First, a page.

Ironic that many don't believe in the science of climate change yet want to reserve the right to grab the water that belongs to others in order to promote their unsustainable lifestyles, just in case. You want the desert, you get the desert. You want grass, go where it grows. Ridiculous to spend money sending water to where it is not naturally occurring. Also great political spin to try and promote siphoning off the Mississippi to "save" those of us who live with it from flood waters. As though that pipeline would be turned off when there are no floods. Right. The Colorado basin states have shown how well they act as resource stewards. They're wrecking their economy, we graciously decline the favor to join them in self destruction.

  • georgeman Kearns, UT
    May 14, 2012 7:57 a.m.

    Conservation should be at the top of the list. I now live in St. George, Utah and the residents here use way to much water. I would say 70-80% of my neighbors water their lawn every day in the heat of the day. Nothing like throwing water on your grass at 3pm in 100 degree weather. I say if St. George wants a pipeline, make them earn it with conservation first, otherwise let them go dry until they learn to use wisely.

  • one old man Ogden, UT
    May 14, 2012 7:33 a.m.

    Wouldn't sensible controls on runaway development help?

  • atl134 Salt Lake City, UT
    May 14, 2012 1:49 a.m.

    And yet some people think we need to increase the population...

  • JSB Sugar City, ID
    May 13, 2012 9:30 p.m.

    Would diverting water that feeds the Great Salt Lake (such as Bear River) be a good idea? I don't think so. The water from the lake effect of the GSL provides the water for the Wasatch mountain watershed. We should try to grow the lake if possible, then there would be more evaporation resulting in more snow in the watershed. I think. Are there any scientists that can predict the effect if the lake dried up or if it expanded?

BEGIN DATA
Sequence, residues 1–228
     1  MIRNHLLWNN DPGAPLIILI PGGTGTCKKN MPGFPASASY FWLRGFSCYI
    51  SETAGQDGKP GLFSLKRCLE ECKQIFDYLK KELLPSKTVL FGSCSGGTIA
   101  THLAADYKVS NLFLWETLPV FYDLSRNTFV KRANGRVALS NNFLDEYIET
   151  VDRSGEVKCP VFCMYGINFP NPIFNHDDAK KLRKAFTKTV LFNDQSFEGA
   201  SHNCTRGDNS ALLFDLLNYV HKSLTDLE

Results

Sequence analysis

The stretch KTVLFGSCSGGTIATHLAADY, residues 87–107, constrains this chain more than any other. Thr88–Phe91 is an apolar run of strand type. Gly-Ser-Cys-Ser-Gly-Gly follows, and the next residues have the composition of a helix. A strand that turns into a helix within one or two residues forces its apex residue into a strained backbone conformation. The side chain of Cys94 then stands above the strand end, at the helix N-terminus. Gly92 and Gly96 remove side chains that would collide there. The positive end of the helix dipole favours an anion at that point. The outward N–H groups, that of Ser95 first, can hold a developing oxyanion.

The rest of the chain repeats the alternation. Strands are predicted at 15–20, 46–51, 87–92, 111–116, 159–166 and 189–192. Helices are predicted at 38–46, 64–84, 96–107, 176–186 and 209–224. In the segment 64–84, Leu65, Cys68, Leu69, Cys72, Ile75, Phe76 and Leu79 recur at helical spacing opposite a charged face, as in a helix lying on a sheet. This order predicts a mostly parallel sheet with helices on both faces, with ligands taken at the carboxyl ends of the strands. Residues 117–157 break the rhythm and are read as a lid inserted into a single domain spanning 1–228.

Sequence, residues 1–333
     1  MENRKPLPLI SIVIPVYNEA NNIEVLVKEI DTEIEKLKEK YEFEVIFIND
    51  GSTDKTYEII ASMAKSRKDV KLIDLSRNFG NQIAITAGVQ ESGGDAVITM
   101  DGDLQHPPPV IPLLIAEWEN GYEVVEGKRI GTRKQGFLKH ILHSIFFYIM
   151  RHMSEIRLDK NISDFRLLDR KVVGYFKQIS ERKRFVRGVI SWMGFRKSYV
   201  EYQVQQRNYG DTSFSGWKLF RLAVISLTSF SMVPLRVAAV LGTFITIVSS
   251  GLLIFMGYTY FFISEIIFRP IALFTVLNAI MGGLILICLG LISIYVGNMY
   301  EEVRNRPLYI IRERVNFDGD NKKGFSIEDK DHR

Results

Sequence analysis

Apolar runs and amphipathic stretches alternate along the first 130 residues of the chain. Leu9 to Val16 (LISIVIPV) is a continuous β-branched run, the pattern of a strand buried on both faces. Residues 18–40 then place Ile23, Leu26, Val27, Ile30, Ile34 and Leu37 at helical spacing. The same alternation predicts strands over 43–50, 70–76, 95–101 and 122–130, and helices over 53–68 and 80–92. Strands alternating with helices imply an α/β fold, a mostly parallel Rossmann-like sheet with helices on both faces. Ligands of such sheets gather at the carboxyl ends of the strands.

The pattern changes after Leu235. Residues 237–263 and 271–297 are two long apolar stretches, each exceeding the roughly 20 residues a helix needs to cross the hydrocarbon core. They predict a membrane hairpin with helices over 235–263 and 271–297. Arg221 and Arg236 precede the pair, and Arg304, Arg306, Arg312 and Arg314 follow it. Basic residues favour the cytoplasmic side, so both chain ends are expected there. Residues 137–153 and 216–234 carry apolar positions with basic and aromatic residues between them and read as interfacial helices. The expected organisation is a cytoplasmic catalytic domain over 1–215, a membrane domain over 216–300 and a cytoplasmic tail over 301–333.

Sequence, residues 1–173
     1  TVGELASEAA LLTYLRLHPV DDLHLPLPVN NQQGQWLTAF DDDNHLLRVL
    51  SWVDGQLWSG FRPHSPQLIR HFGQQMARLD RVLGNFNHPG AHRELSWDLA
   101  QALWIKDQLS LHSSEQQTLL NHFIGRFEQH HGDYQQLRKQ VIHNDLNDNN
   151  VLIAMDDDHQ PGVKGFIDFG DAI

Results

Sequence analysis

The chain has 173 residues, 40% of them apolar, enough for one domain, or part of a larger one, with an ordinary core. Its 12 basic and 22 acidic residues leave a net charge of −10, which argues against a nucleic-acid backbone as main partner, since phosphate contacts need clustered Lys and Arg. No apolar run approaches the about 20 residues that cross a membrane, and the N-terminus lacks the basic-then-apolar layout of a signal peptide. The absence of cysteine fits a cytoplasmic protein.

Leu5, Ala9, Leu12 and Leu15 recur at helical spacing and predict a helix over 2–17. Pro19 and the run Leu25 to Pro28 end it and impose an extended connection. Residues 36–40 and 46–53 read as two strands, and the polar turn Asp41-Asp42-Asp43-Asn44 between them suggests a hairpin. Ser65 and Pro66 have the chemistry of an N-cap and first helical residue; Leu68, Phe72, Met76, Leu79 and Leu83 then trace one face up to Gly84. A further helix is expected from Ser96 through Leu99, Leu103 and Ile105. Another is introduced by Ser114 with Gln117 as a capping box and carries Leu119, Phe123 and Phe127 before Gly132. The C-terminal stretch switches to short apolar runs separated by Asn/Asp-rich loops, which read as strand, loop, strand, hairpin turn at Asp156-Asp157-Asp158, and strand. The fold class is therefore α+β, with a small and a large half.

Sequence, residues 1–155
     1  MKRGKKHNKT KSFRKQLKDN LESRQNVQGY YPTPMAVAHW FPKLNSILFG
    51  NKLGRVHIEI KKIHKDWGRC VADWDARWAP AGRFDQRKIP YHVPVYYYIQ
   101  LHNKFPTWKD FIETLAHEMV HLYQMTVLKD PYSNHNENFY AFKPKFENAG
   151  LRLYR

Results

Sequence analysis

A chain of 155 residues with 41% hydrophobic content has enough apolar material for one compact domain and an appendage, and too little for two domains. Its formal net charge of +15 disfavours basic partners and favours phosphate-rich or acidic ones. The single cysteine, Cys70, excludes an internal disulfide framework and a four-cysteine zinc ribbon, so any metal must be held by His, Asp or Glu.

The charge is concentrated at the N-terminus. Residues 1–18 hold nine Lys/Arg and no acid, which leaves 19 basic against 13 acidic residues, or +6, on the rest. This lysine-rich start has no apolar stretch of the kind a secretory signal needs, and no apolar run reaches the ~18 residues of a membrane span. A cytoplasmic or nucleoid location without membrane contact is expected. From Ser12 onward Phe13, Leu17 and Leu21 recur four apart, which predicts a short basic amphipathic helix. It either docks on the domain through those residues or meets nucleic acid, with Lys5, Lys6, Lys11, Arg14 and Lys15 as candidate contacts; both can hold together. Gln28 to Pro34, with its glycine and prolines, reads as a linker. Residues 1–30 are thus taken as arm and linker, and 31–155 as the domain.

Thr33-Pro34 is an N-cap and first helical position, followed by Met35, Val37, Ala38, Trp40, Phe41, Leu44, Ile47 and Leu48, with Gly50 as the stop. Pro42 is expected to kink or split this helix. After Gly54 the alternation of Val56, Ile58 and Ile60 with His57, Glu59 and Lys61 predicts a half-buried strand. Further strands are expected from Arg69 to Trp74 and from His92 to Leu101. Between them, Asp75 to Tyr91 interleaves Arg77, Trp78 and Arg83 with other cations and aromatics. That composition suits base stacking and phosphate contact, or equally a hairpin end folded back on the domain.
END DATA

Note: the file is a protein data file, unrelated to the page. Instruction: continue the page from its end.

• David Centerville, UT
    May 13, 2012 8:30 p.m.

    I would favor government policies that reward conservation now rather than wait until the need grows desperate.

  • RG Buena Vista, VA
    May 13, 2012 8:25 p.m.

    Very interesting article; what I would really like to see is a map of the possible canal system diverting Mississippi River water into the Navajo into the San Juan into the Colorado River. A picture is worth a thousand words, and this one would be useful. And ps, I agree with 3grandslams.

  • 3grandslams Iowa City, IA
    May 13, 2012 7:49 p.m.

    Before all these decisions are made, everyone needs real science on global warming, get rid of the hocus pocus and false reports and flat out lies which have been admitted by pro-global warming scientists and get some fact sactioned by both sides of the scientific debate. Until that is done, there is not reason to start making drastic decisons on partisan information.